Storytelling in video games
At their core, most video games tell a story. Whether the tale is about a princess who is always in another castle or a quest to stop a dark force from overtaking the land a video game is a narrative device.
Even with the advances in technology video game storytelling still strives for the same critical acclaim and acceptance that film and novels have enjoyed for so long. Lee Sheldon, author of “Character Development and Storytelling for Games,” a leading textbook on character development and storytelling in games, said he expects games to reach that level of narrative.
“Games can be a legitimate storytelling medium like film,” Sheldon said. “They go about attempting to be, they have moments that are on par with film.”
Even though games will eventually reach the level of storytelling seen in film Sheldon said it frustrating that it is taking so long.
The first narrative film, “The Great Train Robbery,” was released in 1903. In 12 years “The Birth of a Nation” was released. It is widely considered the first example of an art film said Sheldon. Video games have been made for almost 50 years, and have existed as an industry for about 35 years, but have not achieved a feat similar to “The Birth of Nations” Sheldon said.
One of the challenges that video game writers face is the player.
“Orson Welles didn’t have the audience coming up and moving props while he was filming,” Edward Castronova, a professor at Indiana University, said. Castronova has studied the growth of the video game industry as well as social and economic circumstances in online social games.
Since games provide an active experience that directly engages the player they must balance plot with gameplay Sheldon said. A game such as “Uncharted 2: Among Thieves” will use a different story structure than “Dragon Age: Origins” in order to better match the action happening onscreen.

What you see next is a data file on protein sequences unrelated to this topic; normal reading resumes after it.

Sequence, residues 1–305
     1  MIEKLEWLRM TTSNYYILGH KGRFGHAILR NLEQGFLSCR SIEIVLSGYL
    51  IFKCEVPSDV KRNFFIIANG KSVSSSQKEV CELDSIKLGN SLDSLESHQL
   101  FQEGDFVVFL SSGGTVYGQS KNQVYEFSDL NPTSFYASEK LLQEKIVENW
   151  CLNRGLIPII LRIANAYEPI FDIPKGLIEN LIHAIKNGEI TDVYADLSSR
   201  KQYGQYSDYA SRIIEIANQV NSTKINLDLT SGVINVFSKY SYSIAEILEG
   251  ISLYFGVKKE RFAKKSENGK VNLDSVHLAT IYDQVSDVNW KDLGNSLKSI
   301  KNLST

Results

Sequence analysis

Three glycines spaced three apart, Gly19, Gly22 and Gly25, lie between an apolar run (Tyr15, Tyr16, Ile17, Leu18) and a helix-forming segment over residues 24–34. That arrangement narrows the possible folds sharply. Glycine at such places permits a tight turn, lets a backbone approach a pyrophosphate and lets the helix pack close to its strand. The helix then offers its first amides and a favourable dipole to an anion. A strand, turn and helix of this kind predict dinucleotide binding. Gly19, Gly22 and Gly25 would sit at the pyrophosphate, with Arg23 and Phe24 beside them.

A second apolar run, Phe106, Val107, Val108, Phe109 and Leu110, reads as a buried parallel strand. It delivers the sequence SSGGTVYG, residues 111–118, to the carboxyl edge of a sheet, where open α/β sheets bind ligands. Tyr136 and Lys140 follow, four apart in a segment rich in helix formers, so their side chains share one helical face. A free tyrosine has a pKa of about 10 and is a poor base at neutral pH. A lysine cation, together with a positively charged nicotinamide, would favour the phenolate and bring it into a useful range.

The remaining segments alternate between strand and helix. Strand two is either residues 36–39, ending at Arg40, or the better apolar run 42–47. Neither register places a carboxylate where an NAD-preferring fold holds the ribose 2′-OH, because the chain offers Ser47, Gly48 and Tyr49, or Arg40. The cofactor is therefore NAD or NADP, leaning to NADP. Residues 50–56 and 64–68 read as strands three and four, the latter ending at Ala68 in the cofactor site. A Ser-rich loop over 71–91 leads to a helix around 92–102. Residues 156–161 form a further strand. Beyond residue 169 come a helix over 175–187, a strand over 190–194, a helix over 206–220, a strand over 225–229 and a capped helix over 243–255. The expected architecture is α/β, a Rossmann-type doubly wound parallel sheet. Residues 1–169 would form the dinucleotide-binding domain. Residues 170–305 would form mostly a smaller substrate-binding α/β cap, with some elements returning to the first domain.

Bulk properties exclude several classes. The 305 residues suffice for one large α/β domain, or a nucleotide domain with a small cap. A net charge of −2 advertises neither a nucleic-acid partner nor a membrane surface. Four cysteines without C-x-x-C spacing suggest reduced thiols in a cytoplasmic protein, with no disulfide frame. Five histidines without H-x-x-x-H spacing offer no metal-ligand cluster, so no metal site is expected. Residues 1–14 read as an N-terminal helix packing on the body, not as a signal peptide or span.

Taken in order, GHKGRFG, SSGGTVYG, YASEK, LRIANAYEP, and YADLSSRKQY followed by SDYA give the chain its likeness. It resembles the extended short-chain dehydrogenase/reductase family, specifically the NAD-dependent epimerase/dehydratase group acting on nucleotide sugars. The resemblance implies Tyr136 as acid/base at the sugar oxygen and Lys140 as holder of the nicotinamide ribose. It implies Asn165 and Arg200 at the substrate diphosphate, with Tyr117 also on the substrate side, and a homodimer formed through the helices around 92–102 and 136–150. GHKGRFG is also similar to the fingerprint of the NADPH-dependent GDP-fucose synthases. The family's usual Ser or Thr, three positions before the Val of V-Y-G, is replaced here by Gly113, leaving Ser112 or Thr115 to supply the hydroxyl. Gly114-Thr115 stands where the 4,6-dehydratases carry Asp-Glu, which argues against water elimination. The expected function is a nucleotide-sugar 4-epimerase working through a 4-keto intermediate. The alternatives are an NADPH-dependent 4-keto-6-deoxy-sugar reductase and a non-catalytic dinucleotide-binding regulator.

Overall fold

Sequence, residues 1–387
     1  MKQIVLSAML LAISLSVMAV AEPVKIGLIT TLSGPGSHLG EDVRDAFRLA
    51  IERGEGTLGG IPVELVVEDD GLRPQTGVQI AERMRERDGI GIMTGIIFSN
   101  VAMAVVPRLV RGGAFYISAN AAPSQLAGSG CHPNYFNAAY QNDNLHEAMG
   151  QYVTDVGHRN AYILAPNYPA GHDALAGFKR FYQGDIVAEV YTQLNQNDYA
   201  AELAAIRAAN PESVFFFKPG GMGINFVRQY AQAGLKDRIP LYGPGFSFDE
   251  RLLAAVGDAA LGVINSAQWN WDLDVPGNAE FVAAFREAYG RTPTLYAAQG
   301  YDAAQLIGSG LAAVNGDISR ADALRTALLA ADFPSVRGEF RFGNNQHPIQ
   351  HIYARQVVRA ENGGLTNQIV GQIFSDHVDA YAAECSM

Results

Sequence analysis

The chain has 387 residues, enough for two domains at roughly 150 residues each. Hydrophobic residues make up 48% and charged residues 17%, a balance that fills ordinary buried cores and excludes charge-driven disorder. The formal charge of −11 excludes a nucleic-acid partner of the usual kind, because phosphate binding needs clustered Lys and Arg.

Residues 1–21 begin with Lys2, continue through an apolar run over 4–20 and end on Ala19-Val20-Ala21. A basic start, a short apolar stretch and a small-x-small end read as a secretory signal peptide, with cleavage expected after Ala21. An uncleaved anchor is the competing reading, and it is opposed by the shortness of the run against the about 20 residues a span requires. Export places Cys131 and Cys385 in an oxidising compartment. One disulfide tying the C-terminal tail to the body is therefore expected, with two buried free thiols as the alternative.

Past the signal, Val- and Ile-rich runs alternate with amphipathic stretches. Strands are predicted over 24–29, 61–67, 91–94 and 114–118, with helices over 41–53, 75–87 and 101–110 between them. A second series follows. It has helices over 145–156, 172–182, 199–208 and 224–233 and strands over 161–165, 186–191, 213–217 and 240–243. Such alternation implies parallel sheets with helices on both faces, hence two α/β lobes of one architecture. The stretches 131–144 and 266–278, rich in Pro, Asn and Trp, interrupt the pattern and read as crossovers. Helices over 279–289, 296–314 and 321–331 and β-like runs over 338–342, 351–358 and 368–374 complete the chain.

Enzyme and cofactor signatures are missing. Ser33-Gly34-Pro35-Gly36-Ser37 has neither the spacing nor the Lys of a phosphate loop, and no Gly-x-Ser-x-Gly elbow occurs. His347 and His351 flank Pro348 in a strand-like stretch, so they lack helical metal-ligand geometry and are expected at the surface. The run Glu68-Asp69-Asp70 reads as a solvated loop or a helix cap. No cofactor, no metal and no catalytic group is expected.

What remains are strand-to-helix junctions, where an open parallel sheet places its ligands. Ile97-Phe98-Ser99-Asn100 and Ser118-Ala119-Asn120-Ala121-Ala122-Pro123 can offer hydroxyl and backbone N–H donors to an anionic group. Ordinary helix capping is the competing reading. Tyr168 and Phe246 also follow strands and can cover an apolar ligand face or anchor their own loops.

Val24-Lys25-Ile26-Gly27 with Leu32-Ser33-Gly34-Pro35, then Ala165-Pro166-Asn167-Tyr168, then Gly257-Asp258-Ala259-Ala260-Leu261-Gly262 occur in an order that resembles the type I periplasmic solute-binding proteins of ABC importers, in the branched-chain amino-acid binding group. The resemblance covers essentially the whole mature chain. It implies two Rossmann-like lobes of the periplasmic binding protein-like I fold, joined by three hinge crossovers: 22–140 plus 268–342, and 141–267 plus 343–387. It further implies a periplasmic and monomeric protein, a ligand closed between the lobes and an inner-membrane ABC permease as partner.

“The story needs to work with the gameplay,” Sheldon said. “‘Uncharted 2’ is pretty formulaic but it works with the feel they are going for. I would see it as a summer popcorn movie.”
Sheldon said that the two biggest problems with video game storytelling are relying on old methods and leaving writing as an afterthought.
Some of the overused storytelling methods are using cut-scenes as the primary plot device or having players read mountains of text from signs, data pads, or books Sheldon said. Sheldon said cut-scenes or text aren’t bad in small doses but when used too much they take the player out of the game. The player is being fed the story rather than participating in the story.
Sheldon said video game narratives are also given a lower priority in game development. Developers will spend top dollar to hire the best programmers and artists but will spend much less on writers.
“They will say ‘well didn’t Bob down the hall take a writing course in college,’” Sheldon said. “’Let’s bring him in to do our story.’”
While using professional writers is an important step to improving the stories in video games there are some precautions. Sheldon warns that writers should not be chosen simply because they worked on a Hollywood movie script or wrote a best-selling science fiction novel. Writers that understand the medium and how to tell stories where the player is involved are necessary for video game plots to advance.
Castronova said that he believes games are still 15 years away from being viewed as an artistic equal to film. Sheldon said that to achieve that recognition games need to step away from their familiar settings and try new things.
“Everyone does sci-fi, high fantasy, and post-apocalyptic worlds,” Sheldon said. “We really need to get beyond those and try something different.”
Above all else however, Sheldon said developers must treat writing with the respect it deserves.
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